Wojciech Zurek

To listen (and to talk) to Wojciech is a great fun. What he talked about was of course the decoherence, that he once participated in discovering. I don’t want to talk about decoherence itself, since it’s clear that effects of decoherence do happen, that they make the quantum world look like it is classical (macroscopic coherence gets destroyed very fast) and that on the other hand they do not provide the solution to the interpretational questions (that’s the story of proper and improper mixtures etc). The more recent ideas of Wojciech are so called einselection (environment induced superselection), quantum Darwinism and existential interpretation.

Einselection is actually the result of decoherence: interaction with the environment provides a preferred basis, which is usually the pointer basis. Only these definite macroscopic states can survive after decoherence; that’s effective superselection rule. Quantum Darwinism is a slightly different concept. Wojciech notes that we usually observe something not by directly contact but by interacting with the environment. When I’m looking at a cat, I observe some small percent of photons scattered on the cat. Anybody can look at the same cat and get the same information about it, but having observed the different photons. That means that there are many (localized!) copies of the information about the cat spread out in the environment (in this case in the photon environment). This is exactly the requirement for us to perceive a cat in a classical way. The technical question now is, which states can survive this quantum Darwinian selection of copying. The answer is: the same states that survive decoherence. That’s good news.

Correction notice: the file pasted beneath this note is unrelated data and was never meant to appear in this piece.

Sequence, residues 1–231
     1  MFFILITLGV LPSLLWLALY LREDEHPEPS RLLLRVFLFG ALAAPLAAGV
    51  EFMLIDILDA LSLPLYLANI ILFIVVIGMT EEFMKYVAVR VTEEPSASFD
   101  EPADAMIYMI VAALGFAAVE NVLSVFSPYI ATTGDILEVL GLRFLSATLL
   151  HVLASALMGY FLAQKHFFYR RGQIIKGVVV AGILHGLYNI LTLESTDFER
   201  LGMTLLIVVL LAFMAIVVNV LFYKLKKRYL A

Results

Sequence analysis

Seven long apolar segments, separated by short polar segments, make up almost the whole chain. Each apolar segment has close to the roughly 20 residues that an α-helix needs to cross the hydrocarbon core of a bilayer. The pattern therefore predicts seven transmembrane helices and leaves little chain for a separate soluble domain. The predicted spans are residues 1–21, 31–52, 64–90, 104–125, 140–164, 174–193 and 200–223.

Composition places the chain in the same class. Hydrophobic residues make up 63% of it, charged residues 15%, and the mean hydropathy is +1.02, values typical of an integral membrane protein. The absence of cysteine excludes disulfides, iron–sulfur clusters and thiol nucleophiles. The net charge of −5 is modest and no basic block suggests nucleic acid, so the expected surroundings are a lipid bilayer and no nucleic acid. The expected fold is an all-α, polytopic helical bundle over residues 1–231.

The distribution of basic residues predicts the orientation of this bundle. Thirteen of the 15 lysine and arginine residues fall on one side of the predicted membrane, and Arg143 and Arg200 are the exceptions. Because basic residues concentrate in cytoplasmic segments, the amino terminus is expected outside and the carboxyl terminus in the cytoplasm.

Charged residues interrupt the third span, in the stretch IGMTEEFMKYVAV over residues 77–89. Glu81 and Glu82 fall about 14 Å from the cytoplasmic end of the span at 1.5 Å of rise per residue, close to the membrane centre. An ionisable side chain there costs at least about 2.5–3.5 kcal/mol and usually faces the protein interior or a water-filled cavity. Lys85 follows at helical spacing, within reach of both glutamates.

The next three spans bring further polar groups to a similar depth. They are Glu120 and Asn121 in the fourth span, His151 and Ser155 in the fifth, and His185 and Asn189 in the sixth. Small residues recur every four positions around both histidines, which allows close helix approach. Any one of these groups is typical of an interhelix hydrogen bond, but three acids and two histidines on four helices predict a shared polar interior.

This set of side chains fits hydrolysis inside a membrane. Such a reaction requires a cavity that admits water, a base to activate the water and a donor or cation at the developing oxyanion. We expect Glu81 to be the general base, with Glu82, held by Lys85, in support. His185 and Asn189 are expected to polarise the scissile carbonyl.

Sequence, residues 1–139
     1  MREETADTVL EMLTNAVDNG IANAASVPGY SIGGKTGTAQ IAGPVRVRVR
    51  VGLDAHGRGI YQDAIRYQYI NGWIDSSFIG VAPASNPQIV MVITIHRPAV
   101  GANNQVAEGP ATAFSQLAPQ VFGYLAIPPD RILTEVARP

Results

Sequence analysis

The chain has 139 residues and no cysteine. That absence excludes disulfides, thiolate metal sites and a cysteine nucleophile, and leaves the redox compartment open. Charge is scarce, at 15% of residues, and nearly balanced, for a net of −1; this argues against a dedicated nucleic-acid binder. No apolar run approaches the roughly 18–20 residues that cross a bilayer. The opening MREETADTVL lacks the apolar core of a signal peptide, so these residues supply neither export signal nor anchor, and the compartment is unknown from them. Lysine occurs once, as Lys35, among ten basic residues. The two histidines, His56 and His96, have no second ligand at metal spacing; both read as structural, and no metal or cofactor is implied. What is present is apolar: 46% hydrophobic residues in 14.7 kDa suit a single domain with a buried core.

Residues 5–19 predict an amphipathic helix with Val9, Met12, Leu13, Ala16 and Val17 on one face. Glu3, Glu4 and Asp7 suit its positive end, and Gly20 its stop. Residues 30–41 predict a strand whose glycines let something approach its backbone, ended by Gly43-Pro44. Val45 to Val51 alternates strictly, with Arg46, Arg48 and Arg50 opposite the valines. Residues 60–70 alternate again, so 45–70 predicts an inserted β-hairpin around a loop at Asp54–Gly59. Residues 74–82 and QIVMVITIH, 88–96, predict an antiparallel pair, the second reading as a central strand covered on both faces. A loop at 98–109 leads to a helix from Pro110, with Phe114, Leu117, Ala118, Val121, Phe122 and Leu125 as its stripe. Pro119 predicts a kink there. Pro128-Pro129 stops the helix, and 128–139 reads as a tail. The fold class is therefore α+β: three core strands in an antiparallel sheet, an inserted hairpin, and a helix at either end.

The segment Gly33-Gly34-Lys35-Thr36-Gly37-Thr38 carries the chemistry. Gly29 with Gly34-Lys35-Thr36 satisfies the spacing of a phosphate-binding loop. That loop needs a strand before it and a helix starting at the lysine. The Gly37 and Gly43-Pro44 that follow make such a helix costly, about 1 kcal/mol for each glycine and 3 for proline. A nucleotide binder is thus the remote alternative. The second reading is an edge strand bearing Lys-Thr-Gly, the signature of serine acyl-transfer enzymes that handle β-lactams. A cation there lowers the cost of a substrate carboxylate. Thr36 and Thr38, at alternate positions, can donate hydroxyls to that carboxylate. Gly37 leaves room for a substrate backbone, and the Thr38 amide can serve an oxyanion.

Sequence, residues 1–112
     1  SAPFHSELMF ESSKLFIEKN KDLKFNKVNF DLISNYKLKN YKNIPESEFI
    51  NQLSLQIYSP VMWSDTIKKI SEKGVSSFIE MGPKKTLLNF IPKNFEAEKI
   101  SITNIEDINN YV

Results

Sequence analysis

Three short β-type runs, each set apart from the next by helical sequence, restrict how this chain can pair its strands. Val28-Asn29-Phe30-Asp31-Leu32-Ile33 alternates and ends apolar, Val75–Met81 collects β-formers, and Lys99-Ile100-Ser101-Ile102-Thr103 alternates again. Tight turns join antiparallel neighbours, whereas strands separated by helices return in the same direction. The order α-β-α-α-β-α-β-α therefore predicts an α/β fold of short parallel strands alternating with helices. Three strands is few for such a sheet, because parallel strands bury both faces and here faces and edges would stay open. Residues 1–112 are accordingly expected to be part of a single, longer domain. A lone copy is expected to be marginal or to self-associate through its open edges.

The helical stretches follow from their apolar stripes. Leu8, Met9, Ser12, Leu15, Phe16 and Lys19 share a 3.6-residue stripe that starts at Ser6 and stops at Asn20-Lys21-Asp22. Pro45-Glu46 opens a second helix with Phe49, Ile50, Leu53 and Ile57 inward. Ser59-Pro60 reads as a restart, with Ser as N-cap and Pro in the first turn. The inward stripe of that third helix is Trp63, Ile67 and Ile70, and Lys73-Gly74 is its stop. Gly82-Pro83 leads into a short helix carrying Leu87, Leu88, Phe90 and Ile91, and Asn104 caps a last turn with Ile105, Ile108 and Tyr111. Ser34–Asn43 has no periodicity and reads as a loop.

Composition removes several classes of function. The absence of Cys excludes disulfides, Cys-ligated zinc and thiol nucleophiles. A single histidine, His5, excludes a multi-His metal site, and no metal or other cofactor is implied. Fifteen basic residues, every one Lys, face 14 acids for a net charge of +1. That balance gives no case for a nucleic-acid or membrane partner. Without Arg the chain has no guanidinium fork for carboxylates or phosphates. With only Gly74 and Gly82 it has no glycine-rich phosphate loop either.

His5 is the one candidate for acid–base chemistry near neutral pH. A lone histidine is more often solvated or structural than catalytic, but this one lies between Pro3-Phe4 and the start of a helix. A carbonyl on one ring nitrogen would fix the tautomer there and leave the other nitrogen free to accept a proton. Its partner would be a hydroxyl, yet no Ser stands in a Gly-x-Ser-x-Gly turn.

Up to now I haven’t said anything about the interpretation. Actually I don’t quite understand the Zurek’s own position. He very carefully avoids speaking about it (there was a final slide in his presentation called «existential interpretation», but he ran out of time just on the previous one and was very happy with that). I got the impression that his position is not «shut up and calculate», but «shut up for a while and calculate». He firmly believes that quantum mechanics itself should provide an answer to interpretational questions, and attributes this approach to Everett. That’s why he for example spent much time of the talk deriving the Born’s rule (for an open quantum system) from the unitary evolution.